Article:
By: Helsing Admin
Every association has one, but what exactly is it that an HOA Board of Directors does (or is supposed to do)? Your HOA Board of Directors is a body of elected members who jointly oversee the activities of your association. It is often simply referred to as “The Board”.
An HOA board’s activities are determined by the powers, duties, and responsibilities delegated to it or conferred on it by an authority outside itself. These matters are typically detailed in the association’s bylaws. The bylaws commonly also specify the number of members of the board, how they are to be chosen, and when they are to meet. In California, the Board’s activities are also determined (things they must do) and limited (things they may not do) by a portion of the Civil Code known as the Davis-Stirling Act. In all states, the Board’s activities are also determined and restrained by the Corporations Code.
Simply put, they first function under the laws that the Board of Directors of any Corporation must abide by – the same laws that control Hewlett-Packard, or Chevron, or any corporation (Corporations Code). Inside that, they must abide by the laws specific to homeowners associations (Davis-Stirling Act). Finally, they must abide by the association’s bylaws and also within the constraints of the association’s Covenants, Conditions, and Restrictions (CC&R’s).
As in any organization with voting members, the board acts on behalf of, and is subordinate to, the organization’s full group (the homeowners), which typically chooses the members of the board through an election process. While the members elect the HOA board, it is the Board’s sole duty to make decisions in the best interests of the community. Homeowners/members do not normally get a say in decisions, outside of who they elect to their Association’s Board. Duties of an HOA Board of Directors include:
· Protecting the property values of the homes in the community through sound business practices.
· Within the authority granted them by the membership through the CC&R’s: adopt policies, procedures, and rules for the operation of the association.
· Ensure the availability of adequate financial resources.
· Approve annual budgets.
· Account to the homeowners for the Association’s performance.
· Select, appoint, support and review the performance of all vendors, including their managing agent; and determine the authority delegated to the manager.
There are a series of actions that Boards MUST do and a list of actions Boards MUST NOT do. Likewise, there are things Boards Should and Should Not do. A list of many of the do and do-not items are listed below, and if we have already published articles concerning them a link to that article is provided. If not, it will be the subject of a future article.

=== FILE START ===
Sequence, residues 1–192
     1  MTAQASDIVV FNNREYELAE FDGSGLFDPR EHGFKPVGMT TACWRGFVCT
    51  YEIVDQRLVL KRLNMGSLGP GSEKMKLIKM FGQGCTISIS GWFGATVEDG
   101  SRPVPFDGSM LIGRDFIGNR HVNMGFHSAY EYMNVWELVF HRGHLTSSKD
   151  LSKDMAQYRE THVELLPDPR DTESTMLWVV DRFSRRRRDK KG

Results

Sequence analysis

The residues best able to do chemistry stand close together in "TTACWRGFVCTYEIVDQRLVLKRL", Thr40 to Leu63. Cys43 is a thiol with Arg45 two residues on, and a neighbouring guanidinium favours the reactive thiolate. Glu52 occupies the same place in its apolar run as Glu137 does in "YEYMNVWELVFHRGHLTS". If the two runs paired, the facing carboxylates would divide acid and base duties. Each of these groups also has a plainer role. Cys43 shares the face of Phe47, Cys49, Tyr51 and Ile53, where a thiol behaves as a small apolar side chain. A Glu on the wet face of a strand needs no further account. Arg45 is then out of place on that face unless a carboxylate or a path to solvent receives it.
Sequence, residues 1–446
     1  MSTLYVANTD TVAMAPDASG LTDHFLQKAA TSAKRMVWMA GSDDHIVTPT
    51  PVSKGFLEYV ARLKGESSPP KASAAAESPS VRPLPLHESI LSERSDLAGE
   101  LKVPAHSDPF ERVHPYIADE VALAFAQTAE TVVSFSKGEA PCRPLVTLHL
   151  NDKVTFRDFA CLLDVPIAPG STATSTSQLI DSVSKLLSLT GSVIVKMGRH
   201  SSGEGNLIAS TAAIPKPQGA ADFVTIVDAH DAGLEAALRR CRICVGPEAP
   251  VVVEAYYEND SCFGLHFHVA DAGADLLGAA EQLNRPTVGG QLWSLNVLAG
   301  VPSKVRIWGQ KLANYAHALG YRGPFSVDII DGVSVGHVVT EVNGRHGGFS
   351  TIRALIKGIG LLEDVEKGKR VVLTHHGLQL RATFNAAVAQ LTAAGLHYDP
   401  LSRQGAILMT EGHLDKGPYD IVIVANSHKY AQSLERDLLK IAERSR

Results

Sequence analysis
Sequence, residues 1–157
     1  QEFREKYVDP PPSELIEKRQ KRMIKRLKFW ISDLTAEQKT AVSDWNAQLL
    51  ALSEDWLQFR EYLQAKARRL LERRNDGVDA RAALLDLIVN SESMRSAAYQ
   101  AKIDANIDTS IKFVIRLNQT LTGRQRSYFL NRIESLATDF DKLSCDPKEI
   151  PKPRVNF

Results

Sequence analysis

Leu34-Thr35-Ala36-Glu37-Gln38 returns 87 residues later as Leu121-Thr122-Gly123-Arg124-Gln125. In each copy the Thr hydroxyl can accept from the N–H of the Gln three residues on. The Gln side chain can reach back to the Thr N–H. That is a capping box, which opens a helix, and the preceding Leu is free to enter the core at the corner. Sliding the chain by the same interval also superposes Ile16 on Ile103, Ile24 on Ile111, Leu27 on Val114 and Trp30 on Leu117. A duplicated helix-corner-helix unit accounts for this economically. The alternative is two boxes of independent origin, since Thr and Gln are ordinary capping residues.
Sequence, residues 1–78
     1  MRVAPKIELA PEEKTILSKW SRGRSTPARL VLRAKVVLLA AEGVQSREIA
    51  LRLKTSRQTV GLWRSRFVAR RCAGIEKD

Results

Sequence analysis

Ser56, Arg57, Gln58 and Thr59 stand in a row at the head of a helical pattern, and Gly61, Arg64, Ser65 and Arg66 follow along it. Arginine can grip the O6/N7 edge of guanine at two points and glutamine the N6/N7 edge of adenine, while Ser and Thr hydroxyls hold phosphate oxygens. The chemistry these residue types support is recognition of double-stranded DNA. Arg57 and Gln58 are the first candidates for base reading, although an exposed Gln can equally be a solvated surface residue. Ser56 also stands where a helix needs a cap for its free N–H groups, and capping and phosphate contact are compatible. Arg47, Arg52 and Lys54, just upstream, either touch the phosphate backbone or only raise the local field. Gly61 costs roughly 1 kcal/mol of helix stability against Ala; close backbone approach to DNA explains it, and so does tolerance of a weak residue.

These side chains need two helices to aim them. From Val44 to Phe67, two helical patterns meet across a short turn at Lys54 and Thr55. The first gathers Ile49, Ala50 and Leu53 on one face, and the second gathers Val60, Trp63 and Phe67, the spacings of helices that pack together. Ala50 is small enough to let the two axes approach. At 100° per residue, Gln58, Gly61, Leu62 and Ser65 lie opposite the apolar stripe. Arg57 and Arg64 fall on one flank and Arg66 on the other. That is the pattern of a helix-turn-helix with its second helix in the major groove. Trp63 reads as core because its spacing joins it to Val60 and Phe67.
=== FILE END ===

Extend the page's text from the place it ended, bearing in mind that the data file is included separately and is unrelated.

HOA Boards MUST or SHOULD:
· Operate using sound business principles
o Spend money wisely, but don’t be afraid to spend money
o Hire licensed contractors
o Keep association business confined to the membership, not outsiders
o Set Standards and Expectations
· Raise adequate money to properly maintain and operate the association
o Reserve Responsibly
o Invest Responsibly
· Enforce the governing documents
· Get legal advice (or other professional advice) when needed
· Ensure adequate insurance is in place (Directors and Officers, Property and Liability, Fidelity, Cyber theft)
· Be aware of the financial operations of the association
· Conduct effective meetings that accomplish business
· Understand what duties you have, or have not, given management
HOA Boards MUST NOT or SHOULD NOT:
· Discuss (electronically or in person) business matters outside of a noticed meeting
· Discuss matters in a meeting not on the agenda
· Show favoritism to any homeowner
· Influence elections
· Borrow from Reserve Funds without following notice and payback procedures
· Express policies to members, in writing or in speech, unless there is already a Board position on the matter
This article is also a living article. This means it will be edited and refined over time to be a source document for all Board members, and new Board members in particular, to use as a reference and educational guide. If you see something we should include, please let us know.
The Helsing Group, Inc.
All Rights Reserved